The attempt by Thailand’s opposition parties to craft a new Constitution, through the establishment of a Constitution Drafting Assembly (CDA), has been dealt a setback, after parliament’s legal advisory committee president rejected one of their key draft amendments.
The draft in question, initiated by the Pheu Thai Party, seeks to amend Section 256 of the current Constitution, to pave the way for the setting up of a CDA to write a new charter, but leaving Chapters 1 and 2 of the current Constitution, about the monarchy and general provisions about the state of Thailand,intact, plus the addition of Chapter 15/1 about the writing of a new charter.
Dr. Sukit Atthopakorn, advisor to House Speaker and parliament president Chuan Leekpai, said that the draft in question could not be accepted for deliberation because the draft contravenes a recent ruling of the Constitutional Court.
In March, government MPs and senators voted down the Opposition’s amendment of Section 256 in its third reading. Then, Palang Pracharat MPs filed a petition with the Constitutional Court to rule on the legitimacy of the amendment.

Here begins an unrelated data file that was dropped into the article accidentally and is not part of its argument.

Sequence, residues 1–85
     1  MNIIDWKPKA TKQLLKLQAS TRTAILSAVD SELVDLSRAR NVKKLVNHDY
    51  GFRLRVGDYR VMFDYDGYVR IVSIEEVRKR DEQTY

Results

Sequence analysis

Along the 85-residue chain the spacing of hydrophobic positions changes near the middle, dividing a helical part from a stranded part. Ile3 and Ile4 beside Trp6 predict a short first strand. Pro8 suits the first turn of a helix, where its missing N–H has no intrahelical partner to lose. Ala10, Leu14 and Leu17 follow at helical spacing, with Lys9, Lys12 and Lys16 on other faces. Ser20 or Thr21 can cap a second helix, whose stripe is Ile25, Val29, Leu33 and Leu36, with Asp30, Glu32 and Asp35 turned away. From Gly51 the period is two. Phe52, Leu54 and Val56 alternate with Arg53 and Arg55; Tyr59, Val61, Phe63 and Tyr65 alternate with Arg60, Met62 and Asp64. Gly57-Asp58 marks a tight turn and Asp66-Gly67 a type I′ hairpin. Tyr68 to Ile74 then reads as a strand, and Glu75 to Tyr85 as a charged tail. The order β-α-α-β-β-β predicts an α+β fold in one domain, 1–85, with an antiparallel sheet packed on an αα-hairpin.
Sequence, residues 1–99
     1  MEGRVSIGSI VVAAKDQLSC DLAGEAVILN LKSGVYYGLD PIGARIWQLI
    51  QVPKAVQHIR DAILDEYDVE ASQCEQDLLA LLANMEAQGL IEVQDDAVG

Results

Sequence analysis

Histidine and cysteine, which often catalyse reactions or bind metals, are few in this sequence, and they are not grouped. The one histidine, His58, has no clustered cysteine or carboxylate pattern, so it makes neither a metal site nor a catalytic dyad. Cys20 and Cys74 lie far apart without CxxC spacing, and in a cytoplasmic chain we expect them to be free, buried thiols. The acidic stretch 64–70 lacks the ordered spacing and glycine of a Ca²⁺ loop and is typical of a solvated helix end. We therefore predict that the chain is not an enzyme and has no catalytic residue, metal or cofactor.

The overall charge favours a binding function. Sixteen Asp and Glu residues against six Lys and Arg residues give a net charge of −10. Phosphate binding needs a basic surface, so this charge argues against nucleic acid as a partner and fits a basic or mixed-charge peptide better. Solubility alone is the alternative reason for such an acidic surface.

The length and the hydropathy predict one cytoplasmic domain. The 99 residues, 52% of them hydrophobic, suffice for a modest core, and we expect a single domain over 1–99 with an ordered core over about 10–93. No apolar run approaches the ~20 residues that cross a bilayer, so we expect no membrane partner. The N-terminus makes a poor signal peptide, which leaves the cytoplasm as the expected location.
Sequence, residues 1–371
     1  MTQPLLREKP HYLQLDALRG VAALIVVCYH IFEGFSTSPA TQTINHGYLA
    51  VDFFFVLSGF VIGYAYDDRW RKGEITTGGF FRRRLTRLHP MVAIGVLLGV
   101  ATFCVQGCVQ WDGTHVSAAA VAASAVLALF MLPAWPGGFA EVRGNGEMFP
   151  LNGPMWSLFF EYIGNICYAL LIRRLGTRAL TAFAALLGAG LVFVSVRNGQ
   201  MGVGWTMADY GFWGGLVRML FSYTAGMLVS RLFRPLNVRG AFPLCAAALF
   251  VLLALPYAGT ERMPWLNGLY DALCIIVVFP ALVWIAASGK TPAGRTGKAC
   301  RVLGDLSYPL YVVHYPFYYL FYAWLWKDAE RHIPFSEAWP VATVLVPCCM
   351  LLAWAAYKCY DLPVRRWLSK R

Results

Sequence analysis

The nine judges ruled that constituent power belongs to the people, so national referenda must be held before and after the parliament passes a motion to write a new charter, the first to establish that the amendment is wanted by the people and the second to approve that particular amendment.
Dr. Sukit said the Constitutional Court’s ruling means that the parliament president cannot include the draft in question in the agenda for deliberations in the joint session of the parliament,scheduled for June 23rd and 24th.
However, he maintained that this does not mean that the amendment draft is dropped.
The Opposition parties have collectively and separately submitted several draft charter amendments to parliament for deliberation, in what was described as a dual approach strategy,to ensure that at least some sections of the charter are amended.
Source: Thai Public Broadcasting Service (Thai PBS)